By contrast the same room devoted a wall to much more experimental, expressive work by Sergio Larrain, a new name to me but the star of the show. His work had a Frank/Americans vibe (though broadly contemporary so possibly coincidentally) in terms of disregarding technical and compositional norms and capturing random fleeting moments of visual beauty. The fragmentary presentation matched the style, with the images framed small and hung haphazardly.

Sergio Larrain

Similar but different was Shinro Ohtake, whose snapshot aesthetic really appealed to me. Ohtake took the idea of stream-of-consciousness photography to the streets of Britain and managed to simultaneously remind me of Martin Parr and Daido Moriyama. Another student on the study visit commented that Ohtake’s work was the first set where the aesthetics of the output was identifiable to the nationality of the photographer, in terms of the use of light and shade in particular images being reminiscent of traditional Japanese art. Again the presentation complemented the visual style – some pinned unframed to the wall, some as tiny snapshots in vitrines.

Shinro Ohtake

In the same way that Ohtake often managed to make suburban England resemble Japan, Garry Winogrand replicates his US street style so well that he makes London look like New York. These two are probably the most successful examples of photographers bringing their home country aesthetic to the UK – in a spin on the exhibition concept, they appeared to be (subconsciously?) making the strange more familiar to themselves, rather than emphasise the strangeness. If that makes sense…

Whilst most of the content is from mainland Britain, some of the most interesting images are from Northern Ireland, documenting the Troubles. Gilles Peress and Akihiko Okamura captured strikingly strange scenes that show, especially with the passage of time, just how other-worldly Northern Ireland could seem to British eyes. Peress used black and white which gives many of his images a timeless quality, while Okamura displays a keen eye for rapidly-captured surreal detail. Both created memorable images that accentuated what an unusual time and place they documented.

A handful of photographers’ work seemed a poor fit with the concept and the content of the rest of the exhibition: Bruce Gilden’s aforementioned grotesque close-up portraits are not distinctively British (having seen them online previously I had projected US nationality onto them, oddly), Tina Barney’s aristocracy shots look overly glossy and glamorous, and the Rineke Dijstra work is surprisingly small-scale (three portraits) that are nominally about Liverpool nightclub customers but are devoid of contextual cues. These may have been shot in Britain but say little or nothing about the nation. Interestingly there was one Gilden image I did appreciate as it did exude Britishness in a meaningful way: the dirty tattooed worker’s arm. I just didn’t see his portraits as successful in this context.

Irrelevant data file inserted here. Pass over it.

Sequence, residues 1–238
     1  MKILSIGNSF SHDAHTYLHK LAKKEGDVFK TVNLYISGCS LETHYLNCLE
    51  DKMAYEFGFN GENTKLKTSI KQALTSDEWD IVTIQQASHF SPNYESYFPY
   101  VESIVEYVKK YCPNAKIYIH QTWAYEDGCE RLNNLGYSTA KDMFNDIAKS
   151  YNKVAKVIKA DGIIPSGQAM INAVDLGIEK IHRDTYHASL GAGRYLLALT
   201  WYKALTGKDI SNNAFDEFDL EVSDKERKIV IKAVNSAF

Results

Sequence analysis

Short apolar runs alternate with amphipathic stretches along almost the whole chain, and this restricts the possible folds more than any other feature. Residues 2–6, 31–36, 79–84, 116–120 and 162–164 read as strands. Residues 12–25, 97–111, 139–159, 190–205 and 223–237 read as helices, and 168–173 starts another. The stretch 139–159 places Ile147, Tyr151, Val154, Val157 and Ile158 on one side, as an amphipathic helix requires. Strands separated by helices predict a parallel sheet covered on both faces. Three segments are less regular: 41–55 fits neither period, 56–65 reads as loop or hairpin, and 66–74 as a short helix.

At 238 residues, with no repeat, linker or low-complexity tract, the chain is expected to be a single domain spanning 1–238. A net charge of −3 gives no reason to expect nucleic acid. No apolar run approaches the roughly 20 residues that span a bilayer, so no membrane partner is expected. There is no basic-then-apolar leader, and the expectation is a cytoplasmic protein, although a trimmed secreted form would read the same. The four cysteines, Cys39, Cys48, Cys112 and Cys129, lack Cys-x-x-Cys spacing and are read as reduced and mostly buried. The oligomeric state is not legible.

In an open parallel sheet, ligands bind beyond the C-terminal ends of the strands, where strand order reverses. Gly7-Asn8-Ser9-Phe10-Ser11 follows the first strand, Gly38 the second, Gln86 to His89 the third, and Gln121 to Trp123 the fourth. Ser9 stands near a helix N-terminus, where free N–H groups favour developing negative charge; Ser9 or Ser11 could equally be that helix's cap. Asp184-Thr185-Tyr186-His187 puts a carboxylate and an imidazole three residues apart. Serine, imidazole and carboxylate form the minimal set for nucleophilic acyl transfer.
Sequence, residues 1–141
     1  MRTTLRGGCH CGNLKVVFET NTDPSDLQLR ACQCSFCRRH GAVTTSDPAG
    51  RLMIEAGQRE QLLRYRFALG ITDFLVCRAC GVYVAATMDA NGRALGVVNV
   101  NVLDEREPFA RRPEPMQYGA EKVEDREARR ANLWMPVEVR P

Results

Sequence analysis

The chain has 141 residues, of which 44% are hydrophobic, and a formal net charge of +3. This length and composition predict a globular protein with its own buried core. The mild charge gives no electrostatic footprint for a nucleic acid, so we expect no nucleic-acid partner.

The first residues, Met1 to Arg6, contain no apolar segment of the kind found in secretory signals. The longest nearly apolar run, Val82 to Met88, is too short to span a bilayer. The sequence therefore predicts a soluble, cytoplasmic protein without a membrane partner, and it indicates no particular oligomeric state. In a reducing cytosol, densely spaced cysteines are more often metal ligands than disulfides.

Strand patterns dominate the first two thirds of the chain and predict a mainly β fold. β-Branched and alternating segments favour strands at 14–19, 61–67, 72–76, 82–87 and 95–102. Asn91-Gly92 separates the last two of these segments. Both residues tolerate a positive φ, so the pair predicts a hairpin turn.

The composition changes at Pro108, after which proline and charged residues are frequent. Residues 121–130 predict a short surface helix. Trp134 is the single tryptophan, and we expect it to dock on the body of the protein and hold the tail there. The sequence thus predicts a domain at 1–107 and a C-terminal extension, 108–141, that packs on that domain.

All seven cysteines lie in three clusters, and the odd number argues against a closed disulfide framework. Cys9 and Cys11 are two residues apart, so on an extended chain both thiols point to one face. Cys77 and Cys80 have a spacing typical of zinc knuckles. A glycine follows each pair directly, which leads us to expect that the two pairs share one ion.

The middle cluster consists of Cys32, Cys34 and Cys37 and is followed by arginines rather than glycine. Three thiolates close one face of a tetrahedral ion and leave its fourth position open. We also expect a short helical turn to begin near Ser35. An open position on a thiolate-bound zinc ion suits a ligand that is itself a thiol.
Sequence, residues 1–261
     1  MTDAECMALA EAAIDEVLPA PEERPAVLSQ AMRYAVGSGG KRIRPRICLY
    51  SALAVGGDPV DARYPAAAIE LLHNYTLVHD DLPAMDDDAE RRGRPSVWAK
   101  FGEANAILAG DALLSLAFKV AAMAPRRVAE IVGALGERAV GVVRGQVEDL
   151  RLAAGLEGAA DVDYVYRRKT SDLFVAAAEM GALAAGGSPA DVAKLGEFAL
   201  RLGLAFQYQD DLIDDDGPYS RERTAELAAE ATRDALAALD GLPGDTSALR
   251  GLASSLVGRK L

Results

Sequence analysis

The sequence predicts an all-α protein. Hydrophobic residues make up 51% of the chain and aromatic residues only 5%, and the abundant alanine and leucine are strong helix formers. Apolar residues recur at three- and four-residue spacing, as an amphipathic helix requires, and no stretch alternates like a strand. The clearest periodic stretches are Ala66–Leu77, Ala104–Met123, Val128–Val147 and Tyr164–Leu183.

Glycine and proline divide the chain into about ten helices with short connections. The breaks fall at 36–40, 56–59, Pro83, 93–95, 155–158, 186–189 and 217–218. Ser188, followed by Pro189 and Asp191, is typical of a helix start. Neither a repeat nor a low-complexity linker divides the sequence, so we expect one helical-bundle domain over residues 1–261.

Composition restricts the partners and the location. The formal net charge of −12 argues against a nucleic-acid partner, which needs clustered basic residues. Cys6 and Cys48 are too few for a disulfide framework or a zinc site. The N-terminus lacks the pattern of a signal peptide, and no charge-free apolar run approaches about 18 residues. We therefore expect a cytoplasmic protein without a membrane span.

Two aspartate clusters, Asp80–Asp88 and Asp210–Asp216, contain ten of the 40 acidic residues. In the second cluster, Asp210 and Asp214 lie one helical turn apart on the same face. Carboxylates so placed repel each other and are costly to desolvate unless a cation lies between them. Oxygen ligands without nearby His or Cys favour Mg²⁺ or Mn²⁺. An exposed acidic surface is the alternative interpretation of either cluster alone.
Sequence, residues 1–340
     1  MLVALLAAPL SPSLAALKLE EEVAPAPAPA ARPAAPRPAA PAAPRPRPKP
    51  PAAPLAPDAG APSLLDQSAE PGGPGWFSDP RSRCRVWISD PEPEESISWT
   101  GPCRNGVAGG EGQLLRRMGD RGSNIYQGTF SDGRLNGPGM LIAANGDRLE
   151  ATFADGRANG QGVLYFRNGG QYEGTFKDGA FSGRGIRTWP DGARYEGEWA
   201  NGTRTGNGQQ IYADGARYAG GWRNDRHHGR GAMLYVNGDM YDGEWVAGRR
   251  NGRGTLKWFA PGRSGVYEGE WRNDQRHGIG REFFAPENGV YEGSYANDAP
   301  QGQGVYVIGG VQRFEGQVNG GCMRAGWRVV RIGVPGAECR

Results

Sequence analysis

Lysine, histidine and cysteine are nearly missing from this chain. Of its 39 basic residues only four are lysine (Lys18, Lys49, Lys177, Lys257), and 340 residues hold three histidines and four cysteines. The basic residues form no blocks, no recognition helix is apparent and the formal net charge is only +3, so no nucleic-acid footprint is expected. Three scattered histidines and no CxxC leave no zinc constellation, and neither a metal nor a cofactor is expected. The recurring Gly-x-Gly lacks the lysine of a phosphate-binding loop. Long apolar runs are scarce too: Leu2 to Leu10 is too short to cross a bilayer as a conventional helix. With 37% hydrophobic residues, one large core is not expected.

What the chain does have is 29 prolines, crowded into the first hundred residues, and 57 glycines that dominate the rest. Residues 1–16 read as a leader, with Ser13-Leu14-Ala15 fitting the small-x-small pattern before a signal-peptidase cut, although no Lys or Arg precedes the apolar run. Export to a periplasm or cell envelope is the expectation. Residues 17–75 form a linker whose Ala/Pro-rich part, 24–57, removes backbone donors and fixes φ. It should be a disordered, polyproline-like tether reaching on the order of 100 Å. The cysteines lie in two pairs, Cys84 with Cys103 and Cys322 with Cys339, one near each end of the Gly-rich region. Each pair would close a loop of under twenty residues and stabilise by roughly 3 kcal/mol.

Bruce Gilden

For me the photographers whose work best fit the construct of the exhibition were those who found a view on idiosyncratic British scenes that made them look simultaneously strange and familiar – those who identified the quirk and held it up for examination in quite a deliberate way. Two in particular were Jim Dow, who found mesmeric patterns in the repetition of sweet shop jars and tower block stairwell tiles, and Hans van der Meer, whose wide shots of local football games in unlikely environments made me smile, and said more to me (as a non-fan) about the peculiarly British appeal of football than the usual shot of a premier league stadium.

Study visit group discussing Hans van der Meer


I found this to be a fascinating and insightful exhibition, with thoughtful curation and sequencing that subtly accentuated themes and connections, with only a couple of exceptions (forgivable of course, as it’s all so subjective and a show as diverse as this can’t please all the people all the time). A few exclusions struck me as odd – no Bill Brandt, for example – but I’m sure there’s good reason for that.

I came away with the sense that the diversity of the photographers and the imagery is analogous to the diversity of the United Kingdom itself. The message seemed to be that Britain is – or has been – all of these places, as seen by these ‘outsiders’. Can anyone really ‘reveal’ Britain? Only in parts, and even the amalgamation of the ‘Britains’ revealed in this exhibition is just one version of the bigger picture.

But to revert to an earlier point: is it really the non-British status of the photographers that enabled a particular eye for the strangeness? Val Williams and Susan Bright edited How We Are: Photographing Britain from the 1840s to the Present (2007) which is full of idiosyncratic images of Britain, and the vast majority of photographers were British. My take is that it doesn’t specifically take an outsider to nail the distinctly British, although they may have a natural advantage; the British insider can also capture such imagery as long as they possess an enquiring mind and an observant eye.